Disabled Children More Likely to Receive Corporal Punishment in U.S. Schools

Friday, August 14, 2009

A study by the ACLU and Human Rights Watch on corporal punishment found the use of physical punishment is disproportionately used on students with disabilities in American schools. While disabled students make up 13.7% of the school population in the U.S., they endure 18.8% of all corporal punishment handed out by school officials, with paddling being the most common practice.

The authors of the report noted that “human rights law protects students with disabilities from violence and cruel and inhuman treatment, and guarantees them non-discriminatory access to an inclusive education.” They also pointed out that disabled students, who already face hurdles to receiving a quality education, are likely to struggle even more as a result of being paddled or enduring other forms of physical punishment. They cite other studies showing that “beatings can damage the trust between educator and student, corrode the educational environment, and leave the student unable to learn effectively,” resulting in more students dropping out.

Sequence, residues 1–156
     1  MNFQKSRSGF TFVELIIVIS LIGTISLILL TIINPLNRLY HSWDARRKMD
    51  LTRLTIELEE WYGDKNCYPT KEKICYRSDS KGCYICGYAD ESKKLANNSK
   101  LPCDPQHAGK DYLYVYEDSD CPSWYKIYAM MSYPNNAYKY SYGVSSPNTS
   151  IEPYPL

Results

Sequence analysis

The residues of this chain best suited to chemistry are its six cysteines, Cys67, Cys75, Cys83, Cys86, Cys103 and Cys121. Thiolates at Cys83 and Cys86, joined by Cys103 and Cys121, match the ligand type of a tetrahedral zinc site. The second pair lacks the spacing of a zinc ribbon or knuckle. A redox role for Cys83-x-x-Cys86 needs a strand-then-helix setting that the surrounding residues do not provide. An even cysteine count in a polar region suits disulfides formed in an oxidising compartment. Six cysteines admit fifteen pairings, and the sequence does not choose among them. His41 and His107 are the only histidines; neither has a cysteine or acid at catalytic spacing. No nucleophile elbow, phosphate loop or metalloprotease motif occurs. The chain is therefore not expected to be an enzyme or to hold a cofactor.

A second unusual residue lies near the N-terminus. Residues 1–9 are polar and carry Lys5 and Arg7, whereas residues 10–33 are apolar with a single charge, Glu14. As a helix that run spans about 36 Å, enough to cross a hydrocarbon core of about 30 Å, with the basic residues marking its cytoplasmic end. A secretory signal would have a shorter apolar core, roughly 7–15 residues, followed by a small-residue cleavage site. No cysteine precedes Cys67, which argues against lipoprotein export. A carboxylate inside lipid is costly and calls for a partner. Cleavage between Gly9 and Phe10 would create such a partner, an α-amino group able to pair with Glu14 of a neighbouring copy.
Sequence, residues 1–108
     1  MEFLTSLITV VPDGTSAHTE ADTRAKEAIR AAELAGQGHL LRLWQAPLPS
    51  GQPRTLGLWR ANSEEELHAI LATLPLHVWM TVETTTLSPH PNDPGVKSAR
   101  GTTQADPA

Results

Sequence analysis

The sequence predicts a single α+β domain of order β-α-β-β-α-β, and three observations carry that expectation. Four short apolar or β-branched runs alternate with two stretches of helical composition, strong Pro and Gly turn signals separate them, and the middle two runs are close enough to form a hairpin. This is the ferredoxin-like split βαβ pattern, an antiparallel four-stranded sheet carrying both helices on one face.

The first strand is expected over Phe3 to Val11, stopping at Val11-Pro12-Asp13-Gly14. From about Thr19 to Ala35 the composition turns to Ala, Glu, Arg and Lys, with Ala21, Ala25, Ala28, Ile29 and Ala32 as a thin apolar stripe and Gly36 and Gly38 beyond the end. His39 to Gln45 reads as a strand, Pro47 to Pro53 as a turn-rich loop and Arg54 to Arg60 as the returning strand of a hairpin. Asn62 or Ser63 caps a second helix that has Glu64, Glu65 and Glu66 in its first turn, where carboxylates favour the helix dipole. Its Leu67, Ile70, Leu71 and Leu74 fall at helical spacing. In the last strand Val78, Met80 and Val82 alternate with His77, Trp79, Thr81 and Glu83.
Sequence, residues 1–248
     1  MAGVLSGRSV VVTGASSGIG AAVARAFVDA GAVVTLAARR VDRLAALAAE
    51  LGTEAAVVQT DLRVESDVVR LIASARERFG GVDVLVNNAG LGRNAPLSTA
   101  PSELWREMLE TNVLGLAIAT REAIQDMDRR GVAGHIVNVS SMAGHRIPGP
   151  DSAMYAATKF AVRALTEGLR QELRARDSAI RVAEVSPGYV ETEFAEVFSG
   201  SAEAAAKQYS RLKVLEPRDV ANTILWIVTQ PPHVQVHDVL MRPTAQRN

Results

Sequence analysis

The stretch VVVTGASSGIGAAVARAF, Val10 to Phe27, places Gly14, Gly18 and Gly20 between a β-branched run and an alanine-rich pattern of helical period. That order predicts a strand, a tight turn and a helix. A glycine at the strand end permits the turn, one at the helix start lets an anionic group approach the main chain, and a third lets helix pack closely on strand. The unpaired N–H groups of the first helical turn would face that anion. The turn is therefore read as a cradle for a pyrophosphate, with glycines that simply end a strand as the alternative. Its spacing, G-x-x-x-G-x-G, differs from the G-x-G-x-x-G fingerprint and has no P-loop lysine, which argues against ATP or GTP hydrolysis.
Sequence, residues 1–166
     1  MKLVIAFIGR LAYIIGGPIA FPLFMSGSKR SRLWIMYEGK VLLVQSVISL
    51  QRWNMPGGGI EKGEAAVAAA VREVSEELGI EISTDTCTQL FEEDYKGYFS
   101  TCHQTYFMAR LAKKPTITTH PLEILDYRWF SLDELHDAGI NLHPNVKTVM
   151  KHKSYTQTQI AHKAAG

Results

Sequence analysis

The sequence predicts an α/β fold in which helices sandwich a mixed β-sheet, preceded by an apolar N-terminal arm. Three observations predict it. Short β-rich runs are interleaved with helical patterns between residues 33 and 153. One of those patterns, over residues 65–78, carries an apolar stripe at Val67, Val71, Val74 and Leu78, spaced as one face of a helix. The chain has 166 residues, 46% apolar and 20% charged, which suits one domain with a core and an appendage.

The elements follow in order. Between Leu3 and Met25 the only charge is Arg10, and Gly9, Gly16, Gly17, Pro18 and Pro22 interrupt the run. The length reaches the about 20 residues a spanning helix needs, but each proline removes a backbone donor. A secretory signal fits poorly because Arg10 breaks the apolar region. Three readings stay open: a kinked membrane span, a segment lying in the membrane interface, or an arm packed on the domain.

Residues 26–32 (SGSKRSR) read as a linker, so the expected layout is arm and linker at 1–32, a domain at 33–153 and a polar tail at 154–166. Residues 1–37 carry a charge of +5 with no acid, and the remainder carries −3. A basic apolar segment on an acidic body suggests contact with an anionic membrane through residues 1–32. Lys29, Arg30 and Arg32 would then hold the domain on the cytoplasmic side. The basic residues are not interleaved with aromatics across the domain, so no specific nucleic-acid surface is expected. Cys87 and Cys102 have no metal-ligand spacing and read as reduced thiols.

Currently, 20 states permit the use of corporal punishment in local schools. Its use is most common in the South. In Tennessee, disabled students were twice as likely as other students to receive corporal punishment.
-Noel Brinkerhoff


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